This Month in JBIS: November 2019

From the Foundations of Interstellar Studies Workshop II, 2019:

Introduction by Kelvin F Long, Harold ‘Sonny’ White & Rob Swinney: An introduction and overview of the sec­ond Foundations of Interstellar Studies Workshop (FISW2) that took place in the village of Charfield, United Kingdom, during June 2019.

Implications for SETI of Dark Matter by Gary S. Robertshaw: This paper reviews the evidence for Dark Matter, which may create cyclical extinction events that foster the emergence of intelligent life.

Interstellar Probes: The Benefits to Astronomy and Astrophysics by Kelvin F. Long: Long range astronomical observations in the field of have opened up our understanding of the Universe. This paper discusses the idea of direct reconnaissance of nearby stellar systems, using robotic probes. This work is in support of Project Starshot; an effort to send a Gram-scale probe towards another star at 0.2c within the next two decades, and return images and other data to the Earth.

Advances in Mach Effect Gravitational Assist (MEGA) Drive Experimentation by H. Fearn & J. F. Woodward: The Mach Effect Gravitational Assist (MEGA) device is an electronic propulsion system which employs Mach’s principle and utilizes fluctuations in the internal energy of an accelerating object to produce a force.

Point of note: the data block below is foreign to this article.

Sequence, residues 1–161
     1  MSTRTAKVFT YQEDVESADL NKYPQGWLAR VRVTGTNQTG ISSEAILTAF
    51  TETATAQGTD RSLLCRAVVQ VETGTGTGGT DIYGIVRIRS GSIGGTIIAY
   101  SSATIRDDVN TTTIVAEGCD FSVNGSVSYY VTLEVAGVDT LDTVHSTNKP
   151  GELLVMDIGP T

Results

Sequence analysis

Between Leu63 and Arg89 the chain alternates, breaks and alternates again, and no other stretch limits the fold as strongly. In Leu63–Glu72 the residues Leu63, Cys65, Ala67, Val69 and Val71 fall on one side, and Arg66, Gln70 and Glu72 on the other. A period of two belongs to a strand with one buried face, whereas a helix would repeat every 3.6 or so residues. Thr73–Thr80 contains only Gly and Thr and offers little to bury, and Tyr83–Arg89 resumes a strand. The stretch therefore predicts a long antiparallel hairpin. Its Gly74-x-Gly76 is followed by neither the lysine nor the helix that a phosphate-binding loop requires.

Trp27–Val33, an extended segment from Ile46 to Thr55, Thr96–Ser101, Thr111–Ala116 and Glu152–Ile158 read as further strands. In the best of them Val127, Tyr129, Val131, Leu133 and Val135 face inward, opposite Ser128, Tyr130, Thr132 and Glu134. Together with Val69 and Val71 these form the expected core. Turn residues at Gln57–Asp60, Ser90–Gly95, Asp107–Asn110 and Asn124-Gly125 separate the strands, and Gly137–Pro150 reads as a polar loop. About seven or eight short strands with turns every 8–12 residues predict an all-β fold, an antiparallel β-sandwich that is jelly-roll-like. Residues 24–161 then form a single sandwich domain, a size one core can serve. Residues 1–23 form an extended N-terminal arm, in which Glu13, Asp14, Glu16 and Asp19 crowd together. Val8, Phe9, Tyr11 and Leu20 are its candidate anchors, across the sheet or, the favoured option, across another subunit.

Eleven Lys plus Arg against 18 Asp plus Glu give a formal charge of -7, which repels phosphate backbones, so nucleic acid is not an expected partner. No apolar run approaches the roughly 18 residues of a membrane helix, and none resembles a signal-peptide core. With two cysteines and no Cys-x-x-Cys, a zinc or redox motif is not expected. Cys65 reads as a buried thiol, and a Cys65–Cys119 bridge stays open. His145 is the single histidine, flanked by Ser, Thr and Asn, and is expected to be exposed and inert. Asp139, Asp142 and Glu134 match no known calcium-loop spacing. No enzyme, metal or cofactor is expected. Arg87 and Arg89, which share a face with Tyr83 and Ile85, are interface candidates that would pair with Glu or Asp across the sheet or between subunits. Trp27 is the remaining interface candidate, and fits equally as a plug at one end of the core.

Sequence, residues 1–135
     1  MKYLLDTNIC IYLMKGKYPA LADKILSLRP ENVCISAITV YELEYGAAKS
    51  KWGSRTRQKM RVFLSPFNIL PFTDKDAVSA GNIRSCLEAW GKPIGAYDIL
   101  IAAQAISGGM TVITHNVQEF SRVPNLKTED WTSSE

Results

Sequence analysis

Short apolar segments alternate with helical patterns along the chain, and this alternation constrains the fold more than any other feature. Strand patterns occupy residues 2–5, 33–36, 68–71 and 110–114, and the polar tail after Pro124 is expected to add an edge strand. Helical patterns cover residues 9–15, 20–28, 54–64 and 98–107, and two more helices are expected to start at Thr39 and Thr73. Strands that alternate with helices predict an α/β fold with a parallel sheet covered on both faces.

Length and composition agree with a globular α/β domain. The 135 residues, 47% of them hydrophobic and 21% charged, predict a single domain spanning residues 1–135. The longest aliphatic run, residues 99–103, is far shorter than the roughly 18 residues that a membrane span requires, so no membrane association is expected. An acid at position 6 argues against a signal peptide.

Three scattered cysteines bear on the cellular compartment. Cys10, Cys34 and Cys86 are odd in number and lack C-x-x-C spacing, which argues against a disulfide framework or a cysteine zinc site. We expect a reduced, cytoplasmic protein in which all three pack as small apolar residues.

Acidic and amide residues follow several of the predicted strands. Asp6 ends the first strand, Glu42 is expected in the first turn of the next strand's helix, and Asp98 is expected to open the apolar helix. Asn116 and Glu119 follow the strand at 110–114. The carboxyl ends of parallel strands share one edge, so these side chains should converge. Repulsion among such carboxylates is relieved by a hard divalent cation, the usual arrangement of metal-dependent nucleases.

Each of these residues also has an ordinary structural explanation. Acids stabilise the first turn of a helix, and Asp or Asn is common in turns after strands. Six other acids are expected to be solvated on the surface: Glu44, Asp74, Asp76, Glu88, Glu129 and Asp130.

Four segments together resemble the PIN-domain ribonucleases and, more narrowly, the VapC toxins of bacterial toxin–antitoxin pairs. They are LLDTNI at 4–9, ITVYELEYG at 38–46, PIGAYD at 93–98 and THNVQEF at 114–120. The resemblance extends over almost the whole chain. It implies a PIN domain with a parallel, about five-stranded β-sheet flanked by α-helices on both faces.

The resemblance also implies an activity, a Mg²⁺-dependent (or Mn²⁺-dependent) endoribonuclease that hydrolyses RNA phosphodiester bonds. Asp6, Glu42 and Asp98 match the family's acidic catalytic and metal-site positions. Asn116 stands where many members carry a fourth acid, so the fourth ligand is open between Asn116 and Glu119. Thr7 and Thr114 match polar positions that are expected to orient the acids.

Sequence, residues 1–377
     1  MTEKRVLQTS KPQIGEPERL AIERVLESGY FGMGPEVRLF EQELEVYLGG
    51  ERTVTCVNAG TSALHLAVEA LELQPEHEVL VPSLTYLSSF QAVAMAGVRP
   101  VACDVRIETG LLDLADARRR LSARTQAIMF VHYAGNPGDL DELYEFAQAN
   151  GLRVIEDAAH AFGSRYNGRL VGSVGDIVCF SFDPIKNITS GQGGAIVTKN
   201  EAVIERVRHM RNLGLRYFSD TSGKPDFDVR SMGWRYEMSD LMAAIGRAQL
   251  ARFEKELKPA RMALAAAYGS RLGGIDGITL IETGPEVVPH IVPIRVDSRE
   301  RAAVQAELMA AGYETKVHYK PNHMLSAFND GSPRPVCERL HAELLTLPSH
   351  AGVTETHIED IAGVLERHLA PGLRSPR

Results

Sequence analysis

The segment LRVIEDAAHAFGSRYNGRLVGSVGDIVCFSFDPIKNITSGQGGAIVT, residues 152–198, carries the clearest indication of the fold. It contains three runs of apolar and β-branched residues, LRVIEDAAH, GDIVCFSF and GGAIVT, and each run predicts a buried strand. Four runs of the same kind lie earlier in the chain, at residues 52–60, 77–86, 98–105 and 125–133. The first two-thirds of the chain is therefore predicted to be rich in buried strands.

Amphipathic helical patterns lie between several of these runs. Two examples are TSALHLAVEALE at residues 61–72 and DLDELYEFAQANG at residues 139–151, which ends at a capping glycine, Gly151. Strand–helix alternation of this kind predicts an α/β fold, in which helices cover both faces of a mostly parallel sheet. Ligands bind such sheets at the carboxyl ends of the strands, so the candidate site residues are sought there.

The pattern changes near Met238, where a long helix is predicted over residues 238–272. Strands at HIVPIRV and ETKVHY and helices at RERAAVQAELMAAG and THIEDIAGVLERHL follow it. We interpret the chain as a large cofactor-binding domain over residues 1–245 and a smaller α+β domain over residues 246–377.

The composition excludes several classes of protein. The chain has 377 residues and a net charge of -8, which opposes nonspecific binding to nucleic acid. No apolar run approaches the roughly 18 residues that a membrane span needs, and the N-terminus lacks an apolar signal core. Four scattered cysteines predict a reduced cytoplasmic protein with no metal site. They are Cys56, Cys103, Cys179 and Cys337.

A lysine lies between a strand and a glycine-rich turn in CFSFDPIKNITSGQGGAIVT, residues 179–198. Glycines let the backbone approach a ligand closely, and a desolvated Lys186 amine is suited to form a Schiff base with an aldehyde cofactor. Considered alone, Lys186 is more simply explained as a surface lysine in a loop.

Is The Kuiper Belt Inhabited? by Gregory L. Matloff: Alien space habitats in the Kuiper Belt could be detected by infrared or visible light transmissions. The probability of our outer solar system being colonized in the distant past is not small, and artifacts of failed or abandoned colonization attempts might be discovered.

There’s No Place like Home (In Our Own Solar System): Searching for ET near White Dwarfs by John Gertz: Any civilization residing around a G-type star will face extinction when its star enters the sub-giant, red giant, planetary nebula, and white dwarf stages. It might be best to remain in the home solar system, which leads to the conclusion that sub-giants, red giants, planetary nebula, and white dwarfs are the best possible candidate targets for SETI observations.


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